John F. Dawson, who has had charge of the creamery at
Delaware for the past three years, also holds the office of postmaster and ably
discharges the duties devolving upon him in that connection. His birth occurred
in Evansville, Wisconsin, on the 14th of January, 1860, his parents being David
P. and Lydia A. (Spencer) Dawson, the former a native of New York and the latter
of Vermont. They removed to Wisconsin in the '40s and subsequently came to Iowa.
The father passed away on the 6th of November, 1905, but the mother is still
living and is now in the seventy-ninth year of her age. To them were born five
children, four of whom survive.
John F. Dawson enjoyed the advantages of a college education in his youth and
remained under the parental roof until he had attained .his majority.
Subsequently he followed farming for a number of years and in 1891 embarked in
the creamery business at Maynard, Fayette county, Iowa, where he remained for
four years. In 1911 he came to Delaware and took charge of the creamery here,
having conducted the same continuously and successfully since. He makes about
eighteen hundred pounds of butter per week and in the management of his business
interests displays excellent executive ability and good judgment.
On the 29th of November, 1883, Mr. Dawson was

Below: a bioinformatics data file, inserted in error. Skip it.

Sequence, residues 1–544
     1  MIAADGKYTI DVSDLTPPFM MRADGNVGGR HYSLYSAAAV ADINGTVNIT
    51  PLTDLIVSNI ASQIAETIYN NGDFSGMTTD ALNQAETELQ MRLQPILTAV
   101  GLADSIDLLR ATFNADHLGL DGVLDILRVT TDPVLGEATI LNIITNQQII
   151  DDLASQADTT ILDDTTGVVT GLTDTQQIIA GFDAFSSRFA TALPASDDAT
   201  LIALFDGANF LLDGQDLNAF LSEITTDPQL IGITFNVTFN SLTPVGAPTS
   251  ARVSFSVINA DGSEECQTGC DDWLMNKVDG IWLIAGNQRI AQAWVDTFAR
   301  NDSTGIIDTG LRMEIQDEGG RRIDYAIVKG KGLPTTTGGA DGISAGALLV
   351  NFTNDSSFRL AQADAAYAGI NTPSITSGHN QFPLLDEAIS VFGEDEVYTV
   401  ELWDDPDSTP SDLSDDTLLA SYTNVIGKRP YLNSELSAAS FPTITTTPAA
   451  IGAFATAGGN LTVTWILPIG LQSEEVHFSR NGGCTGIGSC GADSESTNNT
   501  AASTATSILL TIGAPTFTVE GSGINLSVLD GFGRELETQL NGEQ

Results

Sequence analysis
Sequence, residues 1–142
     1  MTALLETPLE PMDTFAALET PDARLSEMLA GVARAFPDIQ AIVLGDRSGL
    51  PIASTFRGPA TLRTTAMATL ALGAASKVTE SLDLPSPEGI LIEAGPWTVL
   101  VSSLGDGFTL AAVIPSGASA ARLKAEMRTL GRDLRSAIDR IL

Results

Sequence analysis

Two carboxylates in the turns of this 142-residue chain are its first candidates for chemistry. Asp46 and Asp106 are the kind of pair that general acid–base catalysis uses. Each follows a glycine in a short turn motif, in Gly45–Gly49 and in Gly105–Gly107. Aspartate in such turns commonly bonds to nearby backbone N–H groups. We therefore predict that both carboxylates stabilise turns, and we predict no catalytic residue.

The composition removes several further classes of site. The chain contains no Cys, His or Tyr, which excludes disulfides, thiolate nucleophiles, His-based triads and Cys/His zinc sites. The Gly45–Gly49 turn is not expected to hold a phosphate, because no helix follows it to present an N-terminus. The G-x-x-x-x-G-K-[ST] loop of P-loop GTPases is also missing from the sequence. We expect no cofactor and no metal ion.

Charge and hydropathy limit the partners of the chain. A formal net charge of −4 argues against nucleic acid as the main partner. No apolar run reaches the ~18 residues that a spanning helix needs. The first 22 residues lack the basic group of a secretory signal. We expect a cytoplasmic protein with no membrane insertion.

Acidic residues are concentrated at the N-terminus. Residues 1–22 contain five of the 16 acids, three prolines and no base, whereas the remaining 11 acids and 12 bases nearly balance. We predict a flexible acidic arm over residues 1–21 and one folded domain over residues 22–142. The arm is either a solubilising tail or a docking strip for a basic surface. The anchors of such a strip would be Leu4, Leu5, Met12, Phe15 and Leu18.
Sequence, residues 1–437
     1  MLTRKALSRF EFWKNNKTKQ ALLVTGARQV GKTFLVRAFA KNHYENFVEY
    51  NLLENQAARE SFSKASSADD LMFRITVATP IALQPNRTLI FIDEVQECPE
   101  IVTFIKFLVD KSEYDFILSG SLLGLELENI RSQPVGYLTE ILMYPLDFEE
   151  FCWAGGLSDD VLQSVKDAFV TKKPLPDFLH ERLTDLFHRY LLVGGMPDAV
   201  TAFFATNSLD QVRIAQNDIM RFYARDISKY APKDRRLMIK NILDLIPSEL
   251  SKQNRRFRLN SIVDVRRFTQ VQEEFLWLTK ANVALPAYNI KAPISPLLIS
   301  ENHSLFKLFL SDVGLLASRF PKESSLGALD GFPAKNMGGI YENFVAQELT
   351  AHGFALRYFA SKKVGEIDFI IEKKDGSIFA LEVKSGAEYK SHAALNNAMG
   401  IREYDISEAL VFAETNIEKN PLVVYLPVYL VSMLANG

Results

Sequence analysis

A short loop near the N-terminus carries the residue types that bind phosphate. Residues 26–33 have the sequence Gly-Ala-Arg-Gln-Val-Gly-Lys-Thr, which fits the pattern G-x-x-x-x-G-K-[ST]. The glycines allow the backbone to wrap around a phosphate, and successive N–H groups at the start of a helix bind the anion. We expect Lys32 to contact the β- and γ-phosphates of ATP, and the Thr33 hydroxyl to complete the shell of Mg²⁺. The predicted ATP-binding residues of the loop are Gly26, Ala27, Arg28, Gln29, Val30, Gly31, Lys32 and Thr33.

united in marriage to Miss Martha E. Bagger, a native of DeKalb county,
Illinois, and a daughter of Richard and Alsetta (Gray) Bagger, who were born in
Canada and New York respectively. Both are deceased, and two of their ten
children have also passed away. To Mr. and Mrs. Dawson have been born six
children, as follows: Ina, who is deceased; Edna, who was educated at
Chillicothe, Missouri, and is now employed as a bookkeeper in Waterloo, Iowa;
and Bessie, Eugene, Robert and Inez, all at home.
Mr. Dawson gives his political allegiance to the republican party and for the
past year has served as postmaster of Delaware, making a creditable record in
that connection. His fraternal relations are with the Knights of Pythias, and
with his wife he attends the services of the Methodist Episcopal church. At all
times he has been true to the obligations and responsibilities that have
devolved upon him in every relation of life, and he well merits the esteem and
good-will which are uniformly accorded him.